So if you haven’t guessed by now, “Highlander: the Search for Vengeance” is a collaboration between the United States and Japan. It was written by David Abramowitz, who might be best known to you Highlander fans as the guy who wrote Highlander: the Series and Highlander: the Raven. So needless to say, this guy knows his Highlander stuff. The story of Colin and Marcus as they battle through the ages is fantastic and epic. You loathe Marcus for his Hitler-esque desire to prune humanity into his vision of a master race, but you loathe Colin almost as much for being such a cold-hearted and single-minded zombie. There are other memorable characters in the film, as well. I wasn’t expecting to like Delilah, the prostitute rebel with a heart of gold, but Abramowitz actually works her character into something exceptional. Her sacrifice at the end of the film is especially moving. Then there’s possibly my favorite character, Amergan, the disembodied spirit of a Druid Priest who has haunted Colin across the centuries. He provides some of the comic relief and is personified expertly by Scott McNeil, one of the most prolific and popular voice actors in the industry. But he provides more than just well-timed wise-cracks, he’s actually out to try and coerce Colin from the dead end path of vengeance. I especially enjoyed his little revelation at the end which snaps Colin out of it.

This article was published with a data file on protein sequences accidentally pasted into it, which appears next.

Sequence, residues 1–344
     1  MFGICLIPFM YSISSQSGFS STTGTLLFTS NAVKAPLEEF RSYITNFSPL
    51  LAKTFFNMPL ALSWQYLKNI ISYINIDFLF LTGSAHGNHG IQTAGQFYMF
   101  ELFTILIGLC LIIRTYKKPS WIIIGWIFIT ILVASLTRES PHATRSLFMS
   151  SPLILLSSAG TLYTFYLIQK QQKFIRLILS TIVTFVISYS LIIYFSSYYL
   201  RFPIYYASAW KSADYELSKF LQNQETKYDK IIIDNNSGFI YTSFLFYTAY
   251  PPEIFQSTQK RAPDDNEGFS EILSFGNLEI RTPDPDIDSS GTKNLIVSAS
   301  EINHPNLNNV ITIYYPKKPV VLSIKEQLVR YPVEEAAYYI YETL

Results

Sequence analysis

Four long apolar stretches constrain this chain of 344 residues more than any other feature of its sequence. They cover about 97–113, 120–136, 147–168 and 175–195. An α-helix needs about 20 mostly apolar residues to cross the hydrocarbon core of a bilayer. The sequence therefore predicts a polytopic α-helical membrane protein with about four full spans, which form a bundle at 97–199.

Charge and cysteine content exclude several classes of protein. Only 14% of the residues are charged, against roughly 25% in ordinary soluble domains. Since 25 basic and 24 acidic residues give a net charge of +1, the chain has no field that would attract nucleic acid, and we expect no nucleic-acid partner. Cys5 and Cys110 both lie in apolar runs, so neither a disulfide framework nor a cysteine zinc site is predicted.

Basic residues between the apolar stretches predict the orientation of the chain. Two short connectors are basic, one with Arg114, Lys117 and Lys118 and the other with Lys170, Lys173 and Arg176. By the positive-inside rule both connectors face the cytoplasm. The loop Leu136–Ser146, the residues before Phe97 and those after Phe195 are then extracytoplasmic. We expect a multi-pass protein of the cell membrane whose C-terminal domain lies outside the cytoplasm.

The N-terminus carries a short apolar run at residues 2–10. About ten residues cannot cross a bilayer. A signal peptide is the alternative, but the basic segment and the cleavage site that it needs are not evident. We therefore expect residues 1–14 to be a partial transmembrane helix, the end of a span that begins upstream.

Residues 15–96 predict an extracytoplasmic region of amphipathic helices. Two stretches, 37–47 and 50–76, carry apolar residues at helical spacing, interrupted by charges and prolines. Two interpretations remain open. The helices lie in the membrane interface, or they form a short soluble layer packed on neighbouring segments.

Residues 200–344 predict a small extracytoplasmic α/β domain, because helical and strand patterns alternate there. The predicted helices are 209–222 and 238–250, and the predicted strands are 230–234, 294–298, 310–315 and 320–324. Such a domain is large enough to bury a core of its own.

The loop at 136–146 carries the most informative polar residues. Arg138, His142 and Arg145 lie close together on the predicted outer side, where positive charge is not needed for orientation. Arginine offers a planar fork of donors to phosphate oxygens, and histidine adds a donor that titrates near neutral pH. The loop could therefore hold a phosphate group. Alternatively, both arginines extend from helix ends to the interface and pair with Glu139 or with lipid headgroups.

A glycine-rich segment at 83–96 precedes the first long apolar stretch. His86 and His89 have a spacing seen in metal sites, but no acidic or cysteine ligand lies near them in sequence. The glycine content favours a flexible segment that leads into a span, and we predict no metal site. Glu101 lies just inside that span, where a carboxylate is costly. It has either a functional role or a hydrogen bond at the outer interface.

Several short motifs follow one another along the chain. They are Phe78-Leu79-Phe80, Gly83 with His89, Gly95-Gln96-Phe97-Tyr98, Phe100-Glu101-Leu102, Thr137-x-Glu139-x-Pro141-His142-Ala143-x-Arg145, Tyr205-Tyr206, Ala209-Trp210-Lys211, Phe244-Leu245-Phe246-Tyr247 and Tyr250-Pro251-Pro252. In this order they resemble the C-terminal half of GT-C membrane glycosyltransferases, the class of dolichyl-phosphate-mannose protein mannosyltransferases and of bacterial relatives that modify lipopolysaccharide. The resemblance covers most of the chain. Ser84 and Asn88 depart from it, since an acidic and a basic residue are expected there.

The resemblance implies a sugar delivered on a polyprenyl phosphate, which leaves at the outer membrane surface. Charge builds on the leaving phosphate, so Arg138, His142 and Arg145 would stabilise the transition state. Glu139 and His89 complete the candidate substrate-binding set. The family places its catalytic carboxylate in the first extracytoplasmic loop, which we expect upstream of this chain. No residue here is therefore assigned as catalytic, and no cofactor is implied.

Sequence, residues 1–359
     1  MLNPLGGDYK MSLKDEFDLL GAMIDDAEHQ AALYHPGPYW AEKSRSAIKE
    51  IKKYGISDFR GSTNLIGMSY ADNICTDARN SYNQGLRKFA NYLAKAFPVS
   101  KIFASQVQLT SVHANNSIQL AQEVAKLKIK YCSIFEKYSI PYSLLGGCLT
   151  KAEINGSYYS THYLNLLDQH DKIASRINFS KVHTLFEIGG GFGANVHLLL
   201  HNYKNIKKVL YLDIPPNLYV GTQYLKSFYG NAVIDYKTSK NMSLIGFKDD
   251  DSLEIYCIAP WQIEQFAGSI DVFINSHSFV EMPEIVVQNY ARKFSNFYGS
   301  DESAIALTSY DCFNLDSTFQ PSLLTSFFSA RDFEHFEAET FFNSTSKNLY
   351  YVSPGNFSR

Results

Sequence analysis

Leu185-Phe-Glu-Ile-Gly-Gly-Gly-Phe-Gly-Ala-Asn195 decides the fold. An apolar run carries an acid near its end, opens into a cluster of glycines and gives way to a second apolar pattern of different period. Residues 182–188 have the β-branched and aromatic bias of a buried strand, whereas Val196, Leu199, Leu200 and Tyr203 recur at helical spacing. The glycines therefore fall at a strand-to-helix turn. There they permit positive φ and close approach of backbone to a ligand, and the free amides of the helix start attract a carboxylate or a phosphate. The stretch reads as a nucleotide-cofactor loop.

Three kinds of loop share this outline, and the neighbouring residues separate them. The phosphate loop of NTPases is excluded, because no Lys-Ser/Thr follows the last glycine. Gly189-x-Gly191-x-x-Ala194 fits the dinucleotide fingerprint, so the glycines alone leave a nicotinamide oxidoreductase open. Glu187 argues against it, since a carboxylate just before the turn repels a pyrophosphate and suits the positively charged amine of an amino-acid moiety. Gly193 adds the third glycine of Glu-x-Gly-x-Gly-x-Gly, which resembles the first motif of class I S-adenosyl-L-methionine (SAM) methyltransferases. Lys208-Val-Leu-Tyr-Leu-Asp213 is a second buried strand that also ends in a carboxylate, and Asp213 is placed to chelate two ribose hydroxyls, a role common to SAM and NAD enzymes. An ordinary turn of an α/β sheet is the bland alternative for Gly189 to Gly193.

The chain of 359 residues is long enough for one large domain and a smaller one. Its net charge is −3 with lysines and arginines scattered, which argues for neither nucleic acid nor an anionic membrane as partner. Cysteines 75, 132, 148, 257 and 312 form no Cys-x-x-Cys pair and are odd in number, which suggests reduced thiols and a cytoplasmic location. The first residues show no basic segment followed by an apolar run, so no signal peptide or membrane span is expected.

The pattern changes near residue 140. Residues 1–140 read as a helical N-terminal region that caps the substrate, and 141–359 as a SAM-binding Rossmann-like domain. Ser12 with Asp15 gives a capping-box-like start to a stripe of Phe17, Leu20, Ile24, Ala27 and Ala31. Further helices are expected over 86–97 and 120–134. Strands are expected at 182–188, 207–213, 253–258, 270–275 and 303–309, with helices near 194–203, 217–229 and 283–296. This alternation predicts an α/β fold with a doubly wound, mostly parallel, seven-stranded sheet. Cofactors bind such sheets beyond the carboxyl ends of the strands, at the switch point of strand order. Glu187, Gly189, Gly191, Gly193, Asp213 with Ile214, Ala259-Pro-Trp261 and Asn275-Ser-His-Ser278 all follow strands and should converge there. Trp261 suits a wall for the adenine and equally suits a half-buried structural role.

“Highlander: the Search for Vengeance” is bound to be overlooked by the general public, what with Highlander not being the money-making machine it once was. Still, anyone who enjoys animated action films, and really, anybody who enjoys action films period should get a real kick out of this. Definitely one of the best releases of the year and it’s a real shame it wasn’t shown on the big screen.
This is the final Transformers One Sheet – I don’t know if any movie in history has had so many posters that all look almost exactly the same…
via Coming Soon
Sci-Fi Wire is reporting that Tyrese Gibson is closer than ever to playing “Luke Cage” – an early African-American Marvel comics superhero.
“They’re doing rewrites on it now, and we actually have a meeting coming up on it soon, from what I hear, just to see where we are with the whole thing,” Gibson said in an interview while promoting Transformers. “Right now they’re in the process of getting the rewrites done, and then they’ll, I guess, do kind of a formal presentation to see if it’s going to be a go.”
Gibson is very enthusiastic about the project. When asked why he wanted to play the “Hero for Hire” he replied: “I just love his presence, and I love the fact that he’s one of the first black comic-book characters. I’d like to make the comic-book world proud with what I’m looking to do with Luke Cage. So hopefully the opportunity all pans itself out. Me and Singleton are both looking to be a part of it, if the screenplay turns out right. I met with [producer] Avi Arad, and he’s very excited about the possibility. But you can’t do a great movie without a great script, and the ducks have got to line up.”
I typically refrain from making title-related puns in my reviews, but to be frank, “Rise of the Silver Surfer” totally wipes out. Tim Story’s last Fantastic Four film was an utter disaster of a comic book movie from start to finish. I hadn’t left a comic book movie feeling that disappointed since Ang Lee’s “Hulk”. Well, it pains me to say this, but Story didn’t learn a single thing from the slew of negative responses the first film garnered. Just about everything that made the “Fantastic Four” a chore to watch is present in the sequel as well as a cornucopia of new annoyances and irritations.